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Gun Policy News, 12 January 2003

United Kingdom

12 January 2003

Observer (UK), Opinion

Shortly before his death while covering the Spanish Civil War, the French journalist Louis Delapree complained that his reports from the front were being censored. In his last despatch for Paris Soir before his plane was shot down, Delapree ended acidly with the observation that 'the massacre of a hundred Spanish children is less interesting than a sigh from Mrs Simpson'. More than a dozen widows, their children and their extended families in Northern Ireland can be... (GunPolicy.org)

Read More: Observer (UK)

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Canada

12 January 2003

Canadian Press

As the political debate over the federal government's controversial gun registry continues to rage, Canadian cops on the beat say they are divided over whether the new system will help them fight crime. Many officers who've been discussing the issue over their daily coffee believe the registry is already a bust. "It just seems like it's been an exercise in futility," Edmonton police Sgt. Patrick Tracy says of the system, which became operational on Jan. 1. "We already... (GunPolicy.org)

Read More: Canadian Press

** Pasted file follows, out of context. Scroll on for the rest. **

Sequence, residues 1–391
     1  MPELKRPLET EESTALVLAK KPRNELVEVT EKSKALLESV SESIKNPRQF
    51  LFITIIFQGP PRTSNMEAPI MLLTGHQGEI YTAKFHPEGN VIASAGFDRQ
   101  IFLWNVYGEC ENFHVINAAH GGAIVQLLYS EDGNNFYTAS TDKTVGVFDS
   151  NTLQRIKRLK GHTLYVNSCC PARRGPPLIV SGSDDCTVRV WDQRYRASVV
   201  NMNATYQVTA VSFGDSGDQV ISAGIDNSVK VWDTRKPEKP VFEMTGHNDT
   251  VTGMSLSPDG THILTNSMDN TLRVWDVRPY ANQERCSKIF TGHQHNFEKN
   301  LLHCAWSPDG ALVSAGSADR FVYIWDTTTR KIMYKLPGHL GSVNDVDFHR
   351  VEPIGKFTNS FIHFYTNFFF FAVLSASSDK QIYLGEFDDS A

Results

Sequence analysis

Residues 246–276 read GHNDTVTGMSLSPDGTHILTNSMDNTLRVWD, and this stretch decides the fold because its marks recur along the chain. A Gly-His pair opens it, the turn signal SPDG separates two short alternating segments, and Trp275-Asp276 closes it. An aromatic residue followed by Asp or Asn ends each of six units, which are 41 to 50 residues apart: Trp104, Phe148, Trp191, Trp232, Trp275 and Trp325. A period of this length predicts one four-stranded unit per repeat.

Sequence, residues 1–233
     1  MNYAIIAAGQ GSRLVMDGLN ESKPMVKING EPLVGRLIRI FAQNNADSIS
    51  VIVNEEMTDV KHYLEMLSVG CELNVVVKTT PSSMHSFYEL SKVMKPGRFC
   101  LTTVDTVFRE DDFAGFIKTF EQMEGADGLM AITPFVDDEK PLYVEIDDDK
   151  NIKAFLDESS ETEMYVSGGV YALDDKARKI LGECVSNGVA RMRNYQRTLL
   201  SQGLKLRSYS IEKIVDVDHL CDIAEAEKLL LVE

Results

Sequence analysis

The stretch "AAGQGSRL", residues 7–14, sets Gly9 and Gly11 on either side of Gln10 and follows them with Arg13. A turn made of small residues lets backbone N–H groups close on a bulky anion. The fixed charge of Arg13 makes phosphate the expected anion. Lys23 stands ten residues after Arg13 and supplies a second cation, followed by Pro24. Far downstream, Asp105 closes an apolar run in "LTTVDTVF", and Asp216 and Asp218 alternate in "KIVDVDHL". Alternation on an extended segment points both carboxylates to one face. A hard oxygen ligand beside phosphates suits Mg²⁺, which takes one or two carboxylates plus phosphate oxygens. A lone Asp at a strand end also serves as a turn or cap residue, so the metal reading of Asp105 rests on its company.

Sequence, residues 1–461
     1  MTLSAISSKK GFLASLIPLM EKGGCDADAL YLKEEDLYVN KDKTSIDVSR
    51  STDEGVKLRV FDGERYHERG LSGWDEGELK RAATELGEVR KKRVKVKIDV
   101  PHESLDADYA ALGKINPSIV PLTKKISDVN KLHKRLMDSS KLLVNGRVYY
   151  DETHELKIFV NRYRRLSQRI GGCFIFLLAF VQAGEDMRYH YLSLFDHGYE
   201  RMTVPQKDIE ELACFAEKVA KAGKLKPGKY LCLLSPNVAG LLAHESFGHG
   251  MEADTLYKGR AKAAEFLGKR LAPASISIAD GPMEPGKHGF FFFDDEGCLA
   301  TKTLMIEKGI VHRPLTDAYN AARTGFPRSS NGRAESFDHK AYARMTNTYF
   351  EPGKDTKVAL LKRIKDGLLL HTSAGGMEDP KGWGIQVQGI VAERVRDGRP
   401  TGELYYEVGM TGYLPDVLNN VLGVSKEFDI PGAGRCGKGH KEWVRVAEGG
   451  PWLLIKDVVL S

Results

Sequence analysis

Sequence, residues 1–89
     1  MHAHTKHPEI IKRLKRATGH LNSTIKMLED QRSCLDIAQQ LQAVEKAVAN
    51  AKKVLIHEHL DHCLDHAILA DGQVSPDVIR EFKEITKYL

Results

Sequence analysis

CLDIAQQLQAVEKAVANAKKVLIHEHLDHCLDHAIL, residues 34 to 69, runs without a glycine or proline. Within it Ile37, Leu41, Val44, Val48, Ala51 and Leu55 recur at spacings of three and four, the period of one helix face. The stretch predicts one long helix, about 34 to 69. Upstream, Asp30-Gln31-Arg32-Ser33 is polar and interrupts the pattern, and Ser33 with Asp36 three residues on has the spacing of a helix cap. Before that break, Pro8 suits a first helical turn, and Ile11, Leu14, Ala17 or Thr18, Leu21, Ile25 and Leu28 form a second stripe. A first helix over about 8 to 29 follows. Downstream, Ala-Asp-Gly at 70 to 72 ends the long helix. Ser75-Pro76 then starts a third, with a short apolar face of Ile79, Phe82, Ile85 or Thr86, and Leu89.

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United Kingdom

12 January 2003

Scotland on Sunday

Government plans for a crackdown on gun crime are "simplistic" and "ill-judged" according to senior figures in the Scottish legal establishment. A former high court judge, former Lord Advocate and the Faculty of Advocates have criticised plans to give automatic five-year jail terms to people who are in illegal possession of firearms. The proposals, announced in the wake of the New Year shooting of two Birmingham teenagers, have also been condemned as a knee-jerk... (GunPolicy.org)

Read More: Scotland on Sunday

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Canada

12 January 2003

Daily News (Canada)

Intent on dispelling stereotypes of "ultra-right-wing, angry old white guys," gun enthusiasts gathered in Dartmouth Saturday to speak out against the federal firearms registry. "We're not here to get arrested," host Brian Hurlburt told the audience of about 40 people gathered at Farrell Hall. "But a number of us here may be criminals — at least the Liberal government thinks we are." Ottawa's controversial Firearms Act has drawn a shooting gallery full of criticism... (GunPolicy.org)

Read More: Daily News (Canada)

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Canada

12 January 2003

Toronto Sun (Ontario)

John Evers owns almost 50 guns, and he wants you to know that he's not a gunslinging hick who deals drugs and goes on murderous rampages. Like many Canadian gun owners, he says the Chretien government's embattled firearms registry has stereotyped him as a reckless criminal. "If people would talk to a gun owner, (they would) realize that we are not the guy on the street selling drugs, we are not the mass murderer," Evers said during a gun-lovers rally yesterday at... (GunPolicy.org)

Read More: Toronto Sun (Ontario)

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United Kingdom

12 January 2003

Telegraph (UK), Opinion